Family acrobatics with the youngest!


Monday, December 14, 2009

Magnus Carlsen World's Best Chess Player

Today our own Magnus Karlsen in all practicality became the youngest Chess player ever to hit the top of the official ranking list.

I've been following Magnus Karlsen out of pure interest for his amazing talent. Technically he hasn't made it to the top, yet. He's currently participating in tthe London Chess ClassicBut tomorrow, regardless of the outcome of the last game he will triumphantly pass Veselin Topalov.


Wednesday, December 9, 2009

Audi e-tron the Electrifying Force

Audi e-tron is an ELECTRIC car, quite literally.


OK. Like I said before, I'm not much into cars or boats, but design inspires me. I also especially like design that takes it one step further, but at the same time is able to stay true to its roots. Maybe most of all, design that underscores the basic features of a product: Audi e-tron is still a car!

Check out the spec of this car, which is not just a concept car. This one's going to hit the road for real. I'm impressed!

Monday, December 7, 2009

Living in Grenland

Today I was asked to comment on the brand new commercial "movie" about Grenland.


If you want to see my response at TV Telemark you should fastforward three minutes into the program.

The 5 minute clip at YouTube shows you what it's like to live where we live and what Grenland has to offer (...there's actually a brief showing of our offices in there, too). I'm thinking; why would anyone prefer e.g. Oslo to Grenland?! If you need more than one reason why you should check out Grenland, or at least visit, go see my post from last year on "Why we live in Skien".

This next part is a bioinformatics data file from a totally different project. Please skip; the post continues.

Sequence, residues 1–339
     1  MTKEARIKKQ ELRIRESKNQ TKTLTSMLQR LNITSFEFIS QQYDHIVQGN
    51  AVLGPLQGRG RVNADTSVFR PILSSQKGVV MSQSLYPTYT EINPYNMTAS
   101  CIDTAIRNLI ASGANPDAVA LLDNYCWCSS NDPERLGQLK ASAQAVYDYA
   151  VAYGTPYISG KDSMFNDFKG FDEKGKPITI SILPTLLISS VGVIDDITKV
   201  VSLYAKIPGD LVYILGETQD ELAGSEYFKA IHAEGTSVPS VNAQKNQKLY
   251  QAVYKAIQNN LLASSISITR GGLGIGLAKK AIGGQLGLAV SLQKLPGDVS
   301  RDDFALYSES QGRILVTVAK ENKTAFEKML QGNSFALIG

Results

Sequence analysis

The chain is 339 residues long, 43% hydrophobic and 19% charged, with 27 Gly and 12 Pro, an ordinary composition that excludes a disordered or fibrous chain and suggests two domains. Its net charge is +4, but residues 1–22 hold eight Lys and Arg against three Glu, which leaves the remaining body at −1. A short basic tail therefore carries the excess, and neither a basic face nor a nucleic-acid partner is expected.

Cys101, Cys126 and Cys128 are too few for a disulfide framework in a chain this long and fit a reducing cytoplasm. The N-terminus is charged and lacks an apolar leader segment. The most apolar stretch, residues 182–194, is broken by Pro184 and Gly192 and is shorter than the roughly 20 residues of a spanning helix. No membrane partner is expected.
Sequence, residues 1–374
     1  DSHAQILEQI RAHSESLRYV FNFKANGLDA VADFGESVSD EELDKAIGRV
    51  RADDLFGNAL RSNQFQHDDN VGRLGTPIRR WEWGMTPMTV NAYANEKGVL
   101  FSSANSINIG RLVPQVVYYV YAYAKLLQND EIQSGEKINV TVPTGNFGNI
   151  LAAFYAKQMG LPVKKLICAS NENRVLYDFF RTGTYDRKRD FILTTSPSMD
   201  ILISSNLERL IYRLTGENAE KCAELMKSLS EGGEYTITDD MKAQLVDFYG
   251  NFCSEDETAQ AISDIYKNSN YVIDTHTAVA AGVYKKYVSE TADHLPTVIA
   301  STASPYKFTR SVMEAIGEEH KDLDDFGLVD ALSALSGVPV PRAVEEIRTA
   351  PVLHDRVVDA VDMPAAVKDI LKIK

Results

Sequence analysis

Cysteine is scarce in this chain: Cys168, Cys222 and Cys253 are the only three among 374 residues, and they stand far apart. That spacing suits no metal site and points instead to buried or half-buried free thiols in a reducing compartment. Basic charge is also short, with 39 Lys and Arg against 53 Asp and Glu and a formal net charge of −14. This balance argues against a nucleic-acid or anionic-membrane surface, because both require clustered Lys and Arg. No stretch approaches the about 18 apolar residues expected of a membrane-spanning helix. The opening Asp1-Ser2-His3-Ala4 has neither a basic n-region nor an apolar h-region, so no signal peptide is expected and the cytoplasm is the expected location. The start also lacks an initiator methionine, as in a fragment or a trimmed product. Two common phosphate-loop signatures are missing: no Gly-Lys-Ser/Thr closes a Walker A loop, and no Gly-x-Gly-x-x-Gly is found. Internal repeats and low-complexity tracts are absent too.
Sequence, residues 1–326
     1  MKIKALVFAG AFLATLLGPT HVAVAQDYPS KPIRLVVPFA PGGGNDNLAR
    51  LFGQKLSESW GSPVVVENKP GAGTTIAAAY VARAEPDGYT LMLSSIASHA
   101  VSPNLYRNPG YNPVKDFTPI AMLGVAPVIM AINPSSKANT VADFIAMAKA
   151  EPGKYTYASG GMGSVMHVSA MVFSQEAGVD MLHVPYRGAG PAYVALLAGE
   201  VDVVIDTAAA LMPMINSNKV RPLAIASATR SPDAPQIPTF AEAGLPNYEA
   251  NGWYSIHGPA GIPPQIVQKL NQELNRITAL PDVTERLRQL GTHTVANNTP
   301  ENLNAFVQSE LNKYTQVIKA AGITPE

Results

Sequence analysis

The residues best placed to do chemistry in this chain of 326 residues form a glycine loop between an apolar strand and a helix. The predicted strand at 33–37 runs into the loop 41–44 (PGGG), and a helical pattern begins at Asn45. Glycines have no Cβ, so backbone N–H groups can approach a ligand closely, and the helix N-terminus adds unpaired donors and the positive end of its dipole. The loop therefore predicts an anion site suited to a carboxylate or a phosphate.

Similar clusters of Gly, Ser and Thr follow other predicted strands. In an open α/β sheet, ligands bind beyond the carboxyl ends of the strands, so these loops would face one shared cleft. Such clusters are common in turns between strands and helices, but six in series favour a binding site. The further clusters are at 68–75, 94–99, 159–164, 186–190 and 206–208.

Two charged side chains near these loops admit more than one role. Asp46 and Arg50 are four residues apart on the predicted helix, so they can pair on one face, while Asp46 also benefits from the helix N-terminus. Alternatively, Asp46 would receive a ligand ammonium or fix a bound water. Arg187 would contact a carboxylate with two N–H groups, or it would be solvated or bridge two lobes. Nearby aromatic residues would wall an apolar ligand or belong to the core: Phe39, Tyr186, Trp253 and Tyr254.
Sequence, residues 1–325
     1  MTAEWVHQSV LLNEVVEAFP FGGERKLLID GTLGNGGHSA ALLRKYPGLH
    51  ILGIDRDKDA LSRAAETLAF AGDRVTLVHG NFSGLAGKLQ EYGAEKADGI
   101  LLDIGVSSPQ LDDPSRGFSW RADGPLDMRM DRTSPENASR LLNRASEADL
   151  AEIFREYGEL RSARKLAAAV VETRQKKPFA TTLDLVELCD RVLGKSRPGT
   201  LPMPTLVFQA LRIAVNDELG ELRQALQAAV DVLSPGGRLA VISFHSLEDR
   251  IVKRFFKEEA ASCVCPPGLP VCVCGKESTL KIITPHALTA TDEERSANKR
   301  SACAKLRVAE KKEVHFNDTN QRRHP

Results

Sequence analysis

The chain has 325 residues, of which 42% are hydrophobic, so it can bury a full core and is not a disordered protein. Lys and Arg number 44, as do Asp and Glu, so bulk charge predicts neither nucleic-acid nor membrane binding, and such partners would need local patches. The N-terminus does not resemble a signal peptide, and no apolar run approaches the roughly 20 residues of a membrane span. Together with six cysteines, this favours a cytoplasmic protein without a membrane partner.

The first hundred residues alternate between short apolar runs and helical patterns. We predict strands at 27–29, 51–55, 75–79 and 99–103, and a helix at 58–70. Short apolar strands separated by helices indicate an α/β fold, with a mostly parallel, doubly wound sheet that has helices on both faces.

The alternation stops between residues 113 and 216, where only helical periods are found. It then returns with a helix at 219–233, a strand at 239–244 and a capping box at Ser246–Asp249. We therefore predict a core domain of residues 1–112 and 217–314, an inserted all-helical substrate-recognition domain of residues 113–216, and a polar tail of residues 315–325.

My compliments to Vekst i Grenland and the people behind the production of this wonderful display of Grenland. Grenland deserves the attention. Don't let anyone tell you anything else!

Sunday, December 6, 2009

Expressing Love and Appreciation...

Today one of our young one's entered the room early early morning and with emphatic exhuberance exclaimed as she entered the room:

"I love you, daddy!"

What a wonderful way to start the day ;-)

Take it from me. If we begin each day with the right slant it can make a tremendous difference! It did for me this day.

Tuesday, December 1, 2009

Network: Board Members in Norway


Just recently a group of key people in Norwegian business began building a network of Board members in Norway at LinkedIn. The group already counts more than 800 people.

This is a strictly Norwegian speaking forum. Interesting to witness the growth of this. Would it not be helpful to have a group of professionals to turn to for hard questions that a board frequently encounters?

Saturday, November 28, 2009

Why Google makes great software

Now I know why Google makes great software - at least I think I do...

I had the privilege of having dinner with Jan Grønbech, Google's Country Manager for Norway. What really hit home to me is the kind of quality person he is. It was easy to strike up a good conversation and he's a sincere listener.

I'm thinkin' Google does an excellent job at hiring "the right people" and thus; smart products and clever solutions - in short - great software becomes a natural bi-product of such a strategic choice.

Jan Grønbech impressed 172 people at IKT Grenland ARENA. While presenting the Google culture and the philosophy and strategy of company decisions I received overwhelmingly positive feedback from everyone, both at the event itself and all throughout the following day. Wauw!

Jan Grønbech's presentation will be available at YouTube early next week.

p.s. The local newspaper, Varden, did an article on the Google presentation also found online.
p.s.s. NRK did another article on the Google visit to Klosterøya.

Wednesday, November 25, 2009

Huge gap between theory and practice

You know, there usually is a HUMONGOUS gap between theory and practice.